Photo illustration: Axios visuals
This year is on track to become the deadliest year for children being left in hot cars, according to founder and president of advocacy group Kids and Cars, Janette Fennell.
The big picture: By this point in 2010 — declared the deadliest year, during which 49 children died. This year to date, there have been 29 deaths of children being left in hot cars according to Kids and Cars' count. 2018 has already seen all-time high temperature records, largely seen as a near-term impact of climate change.
What they're doing
Fennell and her organization are fighting for technology to be installed in vehicles that serves as a reminder "so someone will know that there's a child, a pet, or an elderly or disabled person in the back seat," Fennell said.
- The "Helping Overcome Trauma for Children Alone in Rear Seats Act," or the HOT CARS Act, was introduced in the House last year by Kids and Cars with Reps. Tim Ryan, Peter King, and Jan Schakowsky. It passed after being attached to the Self-Drive Act.
- The purpose is to require vehicles "to be equipped with a system to alert the operator to check rear designated seating positions after the vehicle engine or motor is deactivated by the operator."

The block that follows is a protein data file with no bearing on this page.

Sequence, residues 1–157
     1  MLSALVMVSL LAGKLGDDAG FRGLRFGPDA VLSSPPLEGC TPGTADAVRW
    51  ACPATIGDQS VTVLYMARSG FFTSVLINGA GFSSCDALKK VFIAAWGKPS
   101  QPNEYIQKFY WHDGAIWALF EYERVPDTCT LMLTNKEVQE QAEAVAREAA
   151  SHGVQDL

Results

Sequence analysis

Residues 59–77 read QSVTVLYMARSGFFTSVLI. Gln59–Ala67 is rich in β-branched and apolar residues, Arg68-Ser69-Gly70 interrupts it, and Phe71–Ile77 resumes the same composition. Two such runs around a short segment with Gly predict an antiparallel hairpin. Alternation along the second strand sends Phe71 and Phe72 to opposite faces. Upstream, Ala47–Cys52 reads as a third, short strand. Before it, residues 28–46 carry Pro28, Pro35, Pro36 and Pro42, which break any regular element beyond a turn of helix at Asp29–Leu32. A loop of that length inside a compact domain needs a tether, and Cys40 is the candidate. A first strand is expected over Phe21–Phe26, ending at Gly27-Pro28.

The bill was then introduced in the Senate, and attached as an amendment to the AV START Act, which is still pending approval as lawmakers work through additional safety concerns according to Senator Richard Blumenthal's office, who was a sponsor of the original legislation.
What they're saying
- Dr. David Diamond, professor of molecular physiology at the University of South Florida, researched brain activity in relation children being left in the back seat. He told the told the Washington Post: "Memory is a machine, and it is not flawless. Our conscious mind priorities things by importance, but on a cellular level, our memory does not. If you're capable of forgetting your cellphone, you are potentially capable of forgetting your child."
- Blumenthal said last year when he introduced the HOT CARS Act: "It can take mere minutes on a hot day for a car to turn into a deathtrap for a small child. ... A simple sensor could save the lives of dozens of children killed tragically in overheated cars each year, and my bill would ensure such technology is available in every car sold in the United States."
"We just can't wait. This has been a tough year."— Fennell, to Axios